John L. (Jack) Bailey, known as "Little Owl" among the Northern Cheyenne, 1930-2019. Courtesy photo

Indian Country loses a good friend

Earlier this month, the Northern Cheyenne and Sioux - indeed all Indian Country - lost a good friend.

John L. (Jack) Bailey (88), also known as Little Owl to the Cheyenne, a non-Indian rancher who lived in Cheyenne country for all his life, went on to the Next Camp. He was a 4th generation rancher; his parents some of the earliest white homesteaders in 1883 on land then part of the reservation.

The Bailey ranch, located just off the northern boundary of the Northern Cheyenne reservation, is where the historic Deer Medicine Rocks are located, a gigantic sandstone formation reaching to the sky, clearly visible, though a few miles away from State Highway 39. This is where Sitting Bull conducted a Sun Dance, offering flesh not too long before the Battle of the Little Big Horn and was given a vision of soldiers “falling from the sky”, which soon after happened.

John L. (Jack) Bailey, known as "Little Owl" among the Northern Cheyenne, 1930-2019. Courtesy photo

A Cheyenne ceremonial man, Ice assisted Sitting Bull during that Sun Dance. Ever since, the site has been held reverently, of sacred significance to the Tribes and many students of that era and historic conflict.

Jack and his half-brother, Leo Schmaus, a fluent speaker of the "old" Cheyenne language and thus an interpreter, grew up with the Northern Cheyenne, making life-long friendships, particularly the Many Bad Horses, (Jack was adopted as a brother by Donlin Many Bad Horses, highly respected ceremonial man); Kinzel, Harris and Highwalker families who lived close. He told of their youthful adventures riding the hills, once going to the Deer Medicine Rocks to carve their names in the sandstone, although normally they avoided the sacred place out of respect, and perhaps even a little spiritual trepidation. Great grandmother Alice Kinzel remarked “That is a Sioux place.” Early in life, he learned about the importance of the site on the private ranch which he was to later inherit.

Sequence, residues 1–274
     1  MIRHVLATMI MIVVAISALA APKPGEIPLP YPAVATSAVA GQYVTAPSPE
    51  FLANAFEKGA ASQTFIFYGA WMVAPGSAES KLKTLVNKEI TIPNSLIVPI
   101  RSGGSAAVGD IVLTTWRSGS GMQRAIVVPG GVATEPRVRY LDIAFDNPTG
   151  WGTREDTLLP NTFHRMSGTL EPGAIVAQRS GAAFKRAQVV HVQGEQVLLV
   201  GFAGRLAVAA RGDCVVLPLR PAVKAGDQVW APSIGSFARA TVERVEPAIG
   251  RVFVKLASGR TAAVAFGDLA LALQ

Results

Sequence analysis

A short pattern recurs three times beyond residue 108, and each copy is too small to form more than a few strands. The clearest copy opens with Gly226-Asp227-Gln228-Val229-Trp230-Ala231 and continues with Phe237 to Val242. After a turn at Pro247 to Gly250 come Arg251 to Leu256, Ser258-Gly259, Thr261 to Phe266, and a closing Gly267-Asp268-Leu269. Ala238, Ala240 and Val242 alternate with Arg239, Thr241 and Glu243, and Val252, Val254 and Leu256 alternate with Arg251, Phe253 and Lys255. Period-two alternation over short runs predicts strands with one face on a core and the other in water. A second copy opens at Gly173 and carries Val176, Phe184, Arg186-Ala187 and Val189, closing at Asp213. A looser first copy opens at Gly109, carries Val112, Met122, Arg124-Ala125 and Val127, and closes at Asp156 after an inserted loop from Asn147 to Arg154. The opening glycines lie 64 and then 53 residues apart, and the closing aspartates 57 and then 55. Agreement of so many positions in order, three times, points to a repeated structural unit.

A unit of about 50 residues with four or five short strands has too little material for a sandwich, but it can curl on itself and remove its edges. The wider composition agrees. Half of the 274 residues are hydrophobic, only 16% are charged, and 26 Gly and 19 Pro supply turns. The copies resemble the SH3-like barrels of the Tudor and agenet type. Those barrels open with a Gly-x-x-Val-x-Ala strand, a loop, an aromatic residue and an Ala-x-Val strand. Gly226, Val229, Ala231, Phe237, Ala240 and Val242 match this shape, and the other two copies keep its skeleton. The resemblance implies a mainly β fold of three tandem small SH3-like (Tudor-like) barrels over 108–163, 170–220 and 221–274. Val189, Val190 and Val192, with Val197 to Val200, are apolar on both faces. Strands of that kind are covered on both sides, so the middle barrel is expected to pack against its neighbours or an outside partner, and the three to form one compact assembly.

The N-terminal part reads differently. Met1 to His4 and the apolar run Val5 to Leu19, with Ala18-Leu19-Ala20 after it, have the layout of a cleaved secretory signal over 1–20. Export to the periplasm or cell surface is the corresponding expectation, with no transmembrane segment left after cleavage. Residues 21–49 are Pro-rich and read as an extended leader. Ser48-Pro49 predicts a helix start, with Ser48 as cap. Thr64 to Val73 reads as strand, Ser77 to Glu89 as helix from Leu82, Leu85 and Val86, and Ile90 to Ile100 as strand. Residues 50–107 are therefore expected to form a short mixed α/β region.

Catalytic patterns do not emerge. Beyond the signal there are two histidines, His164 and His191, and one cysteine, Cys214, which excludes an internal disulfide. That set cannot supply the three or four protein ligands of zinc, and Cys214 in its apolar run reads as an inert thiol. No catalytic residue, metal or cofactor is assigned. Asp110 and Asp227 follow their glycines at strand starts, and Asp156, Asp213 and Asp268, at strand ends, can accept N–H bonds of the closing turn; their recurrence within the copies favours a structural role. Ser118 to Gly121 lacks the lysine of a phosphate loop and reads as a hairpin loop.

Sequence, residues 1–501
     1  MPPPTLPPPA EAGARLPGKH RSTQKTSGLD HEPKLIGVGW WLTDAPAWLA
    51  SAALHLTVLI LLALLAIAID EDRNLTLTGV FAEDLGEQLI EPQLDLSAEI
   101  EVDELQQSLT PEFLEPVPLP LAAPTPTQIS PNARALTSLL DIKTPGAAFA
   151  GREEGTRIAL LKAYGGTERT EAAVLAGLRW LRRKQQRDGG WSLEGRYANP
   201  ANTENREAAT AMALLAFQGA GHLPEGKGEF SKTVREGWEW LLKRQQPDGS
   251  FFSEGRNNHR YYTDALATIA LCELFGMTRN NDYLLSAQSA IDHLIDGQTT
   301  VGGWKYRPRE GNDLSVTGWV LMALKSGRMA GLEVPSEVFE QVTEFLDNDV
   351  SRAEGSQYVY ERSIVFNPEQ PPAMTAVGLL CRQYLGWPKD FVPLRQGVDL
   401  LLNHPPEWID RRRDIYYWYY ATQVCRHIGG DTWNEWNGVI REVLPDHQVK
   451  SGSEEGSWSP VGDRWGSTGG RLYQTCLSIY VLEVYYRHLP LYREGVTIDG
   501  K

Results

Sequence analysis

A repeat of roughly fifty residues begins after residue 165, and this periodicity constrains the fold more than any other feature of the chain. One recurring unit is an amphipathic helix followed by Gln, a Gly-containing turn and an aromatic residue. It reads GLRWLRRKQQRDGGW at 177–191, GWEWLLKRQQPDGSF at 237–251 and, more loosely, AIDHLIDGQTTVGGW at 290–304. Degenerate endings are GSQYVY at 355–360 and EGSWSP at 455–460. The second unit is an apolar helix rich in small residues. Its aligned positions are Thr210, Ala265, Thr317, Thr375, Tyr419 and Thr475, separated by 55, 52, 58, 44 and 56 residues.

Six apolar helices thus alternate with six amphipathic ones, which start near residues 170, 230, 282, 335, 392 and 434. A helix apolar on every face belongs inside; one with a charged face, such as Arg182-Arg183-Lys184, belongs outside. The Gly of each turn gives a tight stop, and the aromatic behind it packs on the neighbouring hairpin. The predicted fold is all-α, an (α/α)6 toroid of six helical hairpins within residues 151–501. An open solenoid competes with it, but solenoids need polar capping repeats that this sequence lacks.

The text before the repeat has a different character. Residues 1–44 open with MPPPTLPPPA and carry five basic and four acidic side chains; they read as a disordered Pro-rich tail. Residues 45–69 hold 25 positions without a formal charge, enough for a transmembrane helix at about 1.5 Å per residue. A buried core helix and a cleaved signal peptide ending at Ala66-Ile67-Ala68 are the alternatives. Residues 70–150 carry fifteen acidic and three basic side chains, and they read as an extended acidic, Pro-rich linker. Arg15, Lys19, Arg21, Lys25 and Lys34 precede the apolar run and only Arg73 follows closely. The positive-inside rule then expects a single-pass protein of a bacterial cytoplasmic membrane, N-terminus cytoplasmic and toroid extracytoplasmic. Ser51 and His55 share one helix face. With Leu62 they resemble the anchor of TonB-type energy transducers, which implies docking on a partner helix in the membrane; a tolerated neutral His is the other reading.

Jack was a life-long protector and good steward of the Deer Medicine Rocks. Tribal members were always welcome to visit and conduct ceremonies, only asked for the courtesy of letting him know. On the other hand, that was not so for non-Indians. He kept a book, logging in requests from around the world to visit the site and accommodated most under strict conditions. First, they had to be guided and were not allowed to gather souvenirs, not so much as a pebble.

Otherwise, the Deer Medicine Rocks could have been dismantled, one little rock at a time. Jack often personally guided tours, sharing his knowledge, but also, during busy ranch seasons called upon trusted tribal members to do the same, giving a tribal perspective. All of this was free – the Baileys did not commercialize the site, although they easily could have, though often the tribal guides received nice tips. Instead the Baileys made their living from ranching, employing many Cheyenne in the process.

Jack told a story about a group of non-Indians who snuck up to the Medicine Rocks one night, only to rapidly return, terrorized by the sounds and experiences they had there. “Served them right,” he chuckled. “You don’t mess with the ‘Rocks’.”


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